Offensive Woes? Not To Worry

The headlines blare out from newspapers and websites on a regular basis: "Defense Dominates Again", "Offense Offensive" and other snippy sayings that proclaim the ineptitude of West Virginia's offense during 2006 spring football practice.

Those headers, and accompanying stories, serve only to set off the citizens of nation, and leads to dozens of threads discussing the woeful state of the offense. Speculations about quarterback changes, the disintegrating offensive line or the unproductive wide receiver spot flame the fires. It's almost as if the Mountaineers were on a three game losing streak or something.

While I always welcome discussion on the site, I'd like to point out that it's probably a bit too early to panic about the state of the offense. Several factors have combined to account for the less that stellar offensive performances to date – and they are items that will be either corrected or bypassed as fall practice gets underway and the season commences.

The first reason that the offense has struggled relates to the plays being run. During scrimmages and 11-on-11 work, there have been very few designed quarterback runs called by the first team, and the fact that he isn't running with the ball as much, other than on a few scrambles and rollouts, certainly puts a crimp in West Virginia's rushing game. The reasons for that are obvious – first, the coaches don't want to risk injury to Pat White, and second, they already know what he can do.

The same also goes for Steve Slaton, who has seen his work diminish a bit as the spring progressed. The need to see what players like Tyler Benoit and Jetavious Best can do, along with the need, like White, to avoid unnecessary physical pounding, combines to remove Slaton from the mix on occasion—something that's certainly not helpful to the offense. Add in the fact that White, dressed in a gold "no-contact" jersey for all practices to date, is whistled dead as soon as a defender gets within shouting distance, and the picture emerges of an offense that isn't exactly playing with all of its weapons loaded.

The second and third team quarterbacks, who have been live (subject to being hit and tackled) for much of the spring, are struggling to learn the offense, and are also playing with a number of inexperienced players around them. Any one mistake often dooms an offensive play to failure, or at least limits its chances of success, and there have been enough mistakes to fill a few hard drives worth of video clips this spring. Thus, the backups on offense have seen even less success than their "big brothers" to date.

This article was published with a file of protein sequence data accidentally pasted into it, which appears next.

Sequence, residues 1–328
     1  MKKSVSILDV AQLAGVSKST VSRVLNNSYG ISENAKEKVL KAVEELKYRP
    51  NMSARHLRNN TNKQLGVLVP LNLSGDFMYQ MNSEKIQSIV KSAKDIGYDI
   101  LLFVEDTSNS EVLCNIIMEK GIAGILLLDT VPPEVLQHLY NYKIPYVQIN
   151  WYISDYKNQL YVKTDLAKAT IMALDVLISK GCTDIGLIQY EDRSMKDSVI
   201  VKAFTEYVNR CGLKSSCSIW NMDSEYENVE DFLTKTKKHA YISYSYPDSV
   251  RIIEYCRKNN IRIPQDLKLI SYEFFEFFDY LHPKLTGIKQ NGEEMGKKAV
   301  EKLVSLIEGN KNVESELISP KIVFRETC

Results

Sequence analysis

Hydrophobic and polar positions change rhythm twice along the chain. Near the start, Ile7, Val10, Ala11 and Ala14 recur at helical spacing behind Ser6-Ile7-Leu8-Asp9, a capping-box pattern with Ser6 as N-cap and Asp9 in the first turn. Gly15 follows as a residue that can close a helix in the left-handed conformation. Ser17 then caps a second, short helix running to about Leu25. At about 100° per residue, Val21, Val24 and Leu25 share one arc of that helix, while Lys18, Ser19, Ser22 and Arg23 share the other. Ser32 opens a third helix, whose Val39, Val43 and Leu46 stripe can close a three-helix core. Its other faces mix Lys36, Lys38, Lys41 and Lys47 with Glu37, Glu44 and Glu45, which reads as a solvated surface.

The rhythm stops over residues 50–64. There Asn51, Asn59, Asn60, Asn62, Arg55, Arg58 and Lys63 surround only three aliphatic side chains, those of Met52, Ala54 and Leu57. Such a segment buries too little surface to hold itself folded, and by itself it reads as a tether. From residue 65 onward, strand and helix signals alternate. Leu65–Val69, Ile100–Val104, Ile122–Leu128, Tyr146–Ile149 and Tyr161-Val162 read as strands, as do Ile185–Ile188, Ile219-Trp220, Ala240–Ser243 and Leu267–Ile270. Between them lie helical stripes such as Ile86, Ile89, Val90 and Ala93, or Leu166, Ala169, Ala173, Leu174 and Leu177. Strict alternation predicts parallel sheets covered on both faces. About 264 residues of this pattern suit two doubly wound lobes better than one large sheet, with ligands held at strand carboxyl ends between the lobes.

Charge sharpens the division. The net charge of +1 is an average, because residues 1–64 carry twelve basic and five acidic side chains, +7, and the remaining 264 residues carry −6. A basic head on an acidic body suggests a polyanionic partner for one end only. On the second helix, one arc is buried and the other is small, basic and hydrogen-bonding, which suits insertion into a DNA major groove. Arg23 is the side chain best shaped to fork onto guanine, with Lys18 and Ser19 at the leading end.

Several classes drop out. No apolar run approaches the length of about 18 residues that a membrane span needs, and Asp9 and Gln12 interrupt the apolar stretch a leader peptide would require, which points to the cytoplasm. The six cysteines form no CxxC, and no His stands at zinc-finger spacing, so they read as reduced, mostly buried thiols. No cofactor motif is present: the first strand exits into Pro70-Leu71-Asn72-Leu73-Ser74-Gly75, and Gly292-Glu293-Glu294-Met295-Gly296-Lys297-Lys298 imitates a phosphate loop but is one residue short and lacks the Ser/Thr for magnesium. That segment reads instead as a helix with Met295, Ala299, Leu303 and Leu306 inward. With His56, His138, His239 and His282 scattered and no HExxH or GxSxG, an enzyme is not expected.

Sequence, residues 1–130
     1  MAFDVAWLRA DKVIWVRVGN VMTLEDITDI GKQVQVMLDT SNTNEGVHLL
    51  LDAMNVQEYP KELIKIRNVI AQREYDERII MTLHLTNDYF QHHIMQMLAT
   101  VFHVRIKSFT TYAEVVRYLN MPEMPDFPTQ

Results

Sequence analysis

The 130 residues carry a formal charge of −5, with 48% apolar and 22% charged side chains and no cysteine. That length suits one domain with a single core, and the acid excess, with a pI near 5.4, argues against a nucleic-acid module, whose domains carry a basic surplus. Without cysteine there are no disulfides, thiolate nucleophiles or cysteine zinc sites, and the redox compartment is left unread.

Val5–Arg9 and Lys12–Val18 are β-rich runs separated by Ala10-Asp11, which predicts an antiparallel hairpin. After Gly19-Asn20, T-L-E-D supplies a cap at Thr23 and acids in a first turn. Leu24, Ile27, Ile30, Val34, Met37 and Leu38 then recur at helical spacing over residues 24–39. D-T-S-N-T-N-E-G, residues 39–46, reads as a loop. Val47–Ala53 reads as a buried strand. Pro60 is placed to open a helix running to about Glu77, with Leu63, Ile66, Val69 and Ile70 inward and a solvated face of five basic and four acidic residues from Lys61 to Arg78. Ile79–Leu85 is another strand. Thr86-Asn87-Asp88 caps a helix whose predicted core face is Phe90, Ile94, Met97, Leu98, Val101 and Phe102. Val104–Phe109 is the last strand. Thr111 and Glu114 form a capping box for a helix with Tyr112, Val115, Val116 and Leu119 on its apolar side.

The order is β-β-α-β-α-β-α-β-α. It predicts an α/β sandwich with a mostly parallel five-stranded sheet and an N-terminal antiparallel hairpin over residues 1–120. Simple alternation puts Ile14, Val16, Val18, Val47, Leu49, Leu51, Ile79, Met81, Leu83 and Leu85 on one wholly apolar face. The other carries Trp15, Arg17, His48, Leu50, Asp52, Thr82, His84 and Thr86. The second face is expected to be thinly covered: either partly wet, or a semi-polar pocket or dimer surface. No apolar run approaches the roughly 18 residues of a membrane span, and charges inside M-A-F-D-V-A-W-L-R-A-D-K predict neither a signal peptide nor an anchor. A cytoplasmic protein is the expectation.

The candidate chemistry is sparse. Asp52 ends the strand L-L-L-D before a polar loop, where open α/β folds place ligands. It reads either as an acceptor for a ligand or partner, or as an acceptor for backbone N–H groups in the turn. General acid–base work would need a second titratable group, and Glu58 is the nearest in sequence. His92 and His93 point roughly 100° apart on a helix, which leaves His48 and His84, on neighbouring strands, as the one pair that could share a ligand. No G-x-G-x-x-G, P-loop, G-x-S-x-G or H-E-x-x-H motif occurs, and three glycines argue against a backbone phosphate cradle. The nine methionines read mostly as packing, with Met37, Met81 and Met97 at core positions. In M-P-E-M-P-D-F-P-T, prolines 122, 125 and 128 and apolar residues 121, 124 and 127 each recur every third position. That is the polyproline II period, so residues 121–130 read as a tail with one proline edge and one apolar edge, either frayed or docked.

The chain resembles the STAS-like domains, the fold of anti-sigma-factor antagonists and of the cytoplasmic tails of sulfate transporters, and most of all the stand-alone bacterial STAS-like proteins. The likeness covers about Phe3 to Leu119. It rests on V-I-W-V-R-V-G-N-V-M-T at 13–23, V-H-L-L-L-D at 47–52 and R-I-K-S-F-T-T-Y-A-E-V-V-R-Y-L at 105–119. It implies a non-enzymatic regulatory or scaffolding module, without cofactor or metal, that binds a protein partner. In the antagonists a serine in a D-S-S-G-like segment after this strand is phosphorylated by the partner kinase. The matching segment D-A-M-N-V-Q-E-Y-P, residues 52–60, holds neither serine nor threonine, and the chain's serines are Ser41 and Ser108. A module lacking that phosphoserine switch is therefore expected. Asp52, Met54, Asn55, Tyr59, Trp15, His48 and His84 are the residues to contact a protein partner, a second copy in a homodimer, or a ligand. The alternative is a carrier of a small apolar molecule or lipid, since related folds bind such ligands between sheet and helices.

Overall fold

The converse side of this point also comes into play – the fact that the defense appears to be very good – perhaps significantly better than a year ago. West Virginia goes three deep along the defensive front and two deep at linebacker, and there doesn't appear to be a great deal of difference between the first string and the backups on those units. Thus, no matter which players are getting looks during practice, there are some formidable playmakers lining up in the blue shirts worn by the defense – and they are making life tough for some of the less experienced players on the other side of the line.

While all of those points are fairly obvious, there's one more that's not apparent to those who only watch scrimmage action – which is to say, most observers. That item, which bubbles to the surface during one on one and small unit drills, is the fact that the offense wins their fair share, if not more, of those encounters.

Take last Saturday's "W" drills, which we wrote about recently. During those drills, the offense dominated. Defensive linemen made just a couple of tackles, and the linebackers didn't fare much better. On several occasions, the ballcarrier romped unmolested past all three defenders, who were often battling futilely against their offensive counterparts. That showed, at least to me, that WVU's offensive players have the talent to get the job done, but that they may just be a couple of steps behind in putting it all together, as the defense has done.

The same pattern has shown itself in skeleton passing drills, or inside run. The offense, like their defensive counterparts, has the ability to make plays. It's just a matter of getting 11 guys doing it consistently on every play that is holding it back.

Moreso than the defense, the offense depends on timing. While a defender can always make a great individual play to blow up an offensive possession, the offense more often depends on precise play from all eleven members to get the job done. Of course, there are exceptions (like Pat White creating a big gain off a broke play or aborted pass attempt) but for the most part, those types of situations don't present themselves in the spring. This is the time for the offense to find that cohesiveness, for the new players to get comfortable with the veterans and make reads in unison, and develop the teamwork that will result in victories this fall.

I don't mean be whistling past the graveyard here. There certainly are areas of concern to be addressed (offensive tackle and wide receiver are the biggest). WVU would like to know who its top three tackles and top four or five wideouts are going into the fall. (Coach Rod wants six wideouts, but that might be a stretch at this point.) But even if those goals aren't quite met by the time practice closes next Saturday, it won't mean disaster in the Mountaineer ranks. There will still be summer work, plus 20-odd practices in the fall before the season begins, and by that time I'm betting West Virginia will have a powerful offense to unleash.

So, feel free to discuss your picks for wide receiver, or opine about the best rotation for the offensive line. Just remember, it's nowhere near time to panic yet.

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